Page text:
Mac LOVES dual threat QB's. Our guy is not quite mobile enough to have run what Mac really wanted him to, so we saw a lot of no QB sets, or the QB would motion out wide and direct snap to an RB... we really never knew what was coming. The guy is brilliant, motivated, and a GREAT developer of talent at QB.

Once our offense got rolling and became cohesive later in the year there wasn't a D we faced that wasn't on its heels. Including K-State and G-Tech. He loves to mix it up and run a trick play or two each game.

For any that may have seen the G-Tech game, we lined up 3 lineman and the QB on a 2-point conversion, with additional linemen, TE's, RBs and WR's out wide. The defense didn't know what to do, not to mention who was eligible and who wasn't. Its his own style of offense. Its entertaining, refreshing,...and great to not have to play against.

Perhaps the biggest selling point of McElwain for us in the short-term, however, is his work with quarterbacks. In 2006, Fresno State struggled terribly at quarterback with Tom Brandstater, who completed only 54% of his passes, despite a very low yards per attempt, and threw more interceptions than he did touchdowns. His final quarterback rating on the year was a paltry 106.74. And if that stat line does not remind you of John Parker Wilson's season in 2007, nothing will. But in came McElwain for 2007, and suddenly Brandstater took off. All told, he ended up completing over 60% of his passes, averaged almost eight yards per attempt, had a three-to-one touchdown-to-interception ratio, and had a robust QB rating of 140.48. If McElwain can do something similar with Wilson as to what he did with Brandstater, we could really take off offensively in 2008.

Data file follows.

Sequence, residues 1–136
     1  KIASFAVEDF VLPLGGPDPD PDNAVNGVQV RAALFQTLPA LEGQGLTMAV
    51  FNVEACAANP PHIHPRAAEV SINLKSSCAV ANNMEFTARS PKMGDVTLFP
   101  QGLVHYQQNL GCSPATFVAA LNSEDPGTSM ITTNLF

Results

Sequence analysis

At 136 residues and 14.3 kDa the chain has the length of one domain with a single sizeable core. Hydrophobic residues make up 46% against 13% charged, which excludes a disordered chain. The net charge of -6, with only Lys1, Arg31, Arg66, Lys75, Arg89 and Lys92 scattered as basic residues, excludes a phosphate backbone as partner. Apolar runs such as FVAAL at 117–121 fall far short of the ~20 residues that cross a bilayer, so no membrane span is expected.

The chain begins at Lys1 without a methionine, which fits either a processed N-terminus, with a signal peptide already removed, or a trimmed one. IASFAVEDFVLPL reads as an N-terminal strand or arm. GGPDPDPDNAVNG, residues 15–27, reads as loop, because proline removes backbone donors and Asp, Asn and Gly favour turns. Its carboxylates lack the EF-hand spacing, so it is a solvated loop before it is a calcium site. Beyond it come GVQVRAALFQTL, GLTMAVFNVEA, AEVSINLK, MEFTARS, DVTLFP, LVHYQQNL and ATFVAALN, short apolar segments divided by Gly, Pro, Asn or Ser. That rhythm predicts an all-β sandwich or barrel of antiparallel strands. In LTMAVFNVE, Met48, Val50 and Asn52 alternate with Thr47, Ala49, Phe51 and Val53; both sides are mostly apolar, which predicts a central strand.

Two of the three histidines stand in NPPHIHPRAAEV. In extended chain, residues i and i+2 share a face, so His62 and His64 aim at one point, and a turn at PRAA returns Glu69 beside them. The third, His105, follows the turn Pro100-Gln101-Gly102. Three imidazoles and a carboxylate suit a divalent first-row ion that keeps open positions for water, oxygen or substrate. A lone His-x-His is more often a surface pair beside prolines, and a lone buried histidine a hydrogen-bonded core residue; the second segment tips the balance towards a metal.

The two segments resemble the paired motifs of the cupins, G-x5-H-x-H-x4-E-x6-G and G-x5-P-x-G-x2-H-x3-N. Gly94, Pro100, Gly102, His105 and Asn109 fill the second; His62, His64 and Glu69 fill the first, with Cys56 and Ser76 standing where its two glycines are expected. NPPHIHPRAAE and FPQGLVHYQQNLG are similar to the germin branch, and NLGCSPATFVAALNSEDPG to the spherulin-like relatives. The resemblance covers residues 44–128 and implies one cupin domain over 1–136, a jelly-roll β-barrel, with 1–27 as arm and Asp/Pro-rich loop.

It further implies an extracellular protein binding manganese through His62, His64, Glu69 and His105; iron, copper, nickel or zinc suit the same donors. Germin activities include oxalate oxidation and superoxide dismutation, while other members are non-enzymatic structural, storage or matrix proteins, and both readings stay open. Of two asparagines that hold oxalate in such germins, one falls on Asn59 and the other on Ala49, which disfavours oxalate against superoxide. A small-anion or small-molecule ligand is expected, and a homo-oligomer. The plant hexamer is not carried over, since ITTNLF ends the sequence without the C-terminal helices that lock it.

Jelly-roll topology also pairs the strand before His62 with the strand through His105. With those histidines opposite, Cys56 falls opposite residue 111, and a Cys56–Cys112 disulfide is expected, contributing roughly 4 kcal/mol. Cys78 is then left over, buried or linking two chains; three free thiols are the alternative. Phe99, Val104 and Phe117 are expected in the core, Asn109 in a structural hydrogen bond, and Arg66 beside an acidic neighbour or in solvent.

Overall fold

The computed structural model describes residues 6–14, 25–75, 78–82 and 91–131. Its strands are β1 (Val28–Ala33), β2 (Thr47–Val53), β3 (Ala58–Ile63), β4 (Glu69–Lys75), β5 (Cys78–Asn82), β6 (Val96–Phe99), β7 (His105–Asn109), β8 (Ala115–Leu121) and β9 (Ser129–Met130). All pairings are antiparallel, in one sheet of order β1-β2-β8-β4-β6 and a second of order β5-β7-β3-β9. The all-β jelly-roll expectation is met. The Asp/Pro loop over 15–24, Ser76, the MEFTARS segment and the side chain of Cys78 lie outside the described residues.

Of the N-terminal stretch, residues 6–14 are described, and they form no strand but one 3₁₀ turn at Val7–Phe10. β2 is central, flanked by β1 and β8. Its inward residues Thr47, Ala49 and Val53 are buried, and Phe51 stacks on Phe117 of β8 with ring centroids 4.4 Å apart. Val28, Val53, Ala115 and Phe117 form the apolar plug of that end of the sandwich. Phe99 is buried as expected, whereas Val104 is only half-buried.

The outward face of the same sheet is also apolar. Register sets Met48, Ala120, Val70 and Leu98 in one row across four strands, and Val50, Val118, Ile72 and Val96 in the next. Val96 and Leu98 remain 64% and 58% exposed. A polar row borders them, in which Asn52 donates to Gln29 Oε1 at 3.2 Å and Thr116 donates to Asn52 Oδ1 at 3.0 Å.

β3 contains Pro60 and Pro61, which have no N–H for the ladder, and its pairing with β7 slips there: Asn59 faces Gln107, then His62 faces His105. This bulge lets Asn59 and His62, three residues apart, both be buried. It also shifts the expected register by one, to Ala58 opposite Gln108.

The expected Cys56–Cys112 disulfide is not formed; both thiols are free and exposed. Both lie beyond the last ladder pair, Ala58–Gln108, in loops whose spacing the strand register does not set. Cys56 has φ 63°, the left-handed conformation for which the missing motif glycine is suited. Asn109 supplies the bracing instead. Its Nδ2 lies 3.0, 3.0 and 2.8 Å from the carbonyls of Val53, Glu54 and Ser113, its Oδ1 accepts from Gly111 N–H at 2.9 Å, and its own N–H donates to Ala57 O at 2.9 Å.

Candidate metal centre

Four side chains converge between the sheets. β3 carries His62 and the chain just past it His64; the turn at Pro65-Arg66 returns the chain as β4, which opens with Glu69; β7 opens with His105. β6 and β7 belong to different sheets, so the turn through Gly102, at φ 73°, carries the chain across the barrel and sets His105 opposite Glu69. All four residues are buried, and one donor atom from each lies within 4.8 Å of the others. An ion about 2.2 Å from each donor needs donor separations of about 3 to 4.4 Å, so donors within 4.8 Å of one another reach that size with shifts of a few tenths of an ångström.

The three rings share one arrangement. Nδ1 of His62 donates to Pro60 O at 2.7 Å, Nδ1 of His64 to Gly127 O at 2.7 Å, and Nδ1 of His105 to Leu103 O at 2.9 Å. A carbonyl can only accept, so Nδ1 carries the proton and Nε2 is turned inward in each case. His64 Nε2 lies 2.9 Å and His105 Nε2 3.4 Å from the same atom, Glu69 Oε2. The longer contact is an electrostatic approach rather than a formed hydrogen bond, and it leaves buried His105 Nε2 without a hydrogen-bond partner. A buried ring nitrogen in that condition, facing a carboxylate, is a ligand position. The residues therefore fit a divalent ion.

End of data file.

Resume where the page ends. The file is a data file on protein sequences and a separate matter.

At the end of the day, simply put, Saban has brought in a great coach to be our next offensive coordinator and quarterbacks coach.

Total Offense
Passing Offense
Passing Efficiency
Rushing Offense
Scoring Offense